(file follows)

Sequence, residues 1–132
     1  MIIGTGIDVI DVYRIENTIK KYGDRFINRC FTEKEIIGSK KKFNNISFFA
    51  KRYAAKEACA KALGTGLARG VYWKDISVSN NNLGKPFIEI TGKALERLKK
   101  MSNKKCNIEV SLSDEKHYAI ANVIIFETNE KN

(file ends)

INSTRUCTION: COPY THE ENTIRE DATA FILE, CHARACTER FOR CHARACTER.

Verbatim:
Sequence, residues 1–132
     1  MIIGTGIDVI DVYRIENTIK KYGDRFINRC FTEKEIIGSK KKFNNISFFA
    51  KRYAAKEACA KALGTGLARG VYWKDISVSN NNLGKPFIEI TGKALERLKK
   101  MSNKKCNIEV SLSDEKHYAI ANVIIFETNE KN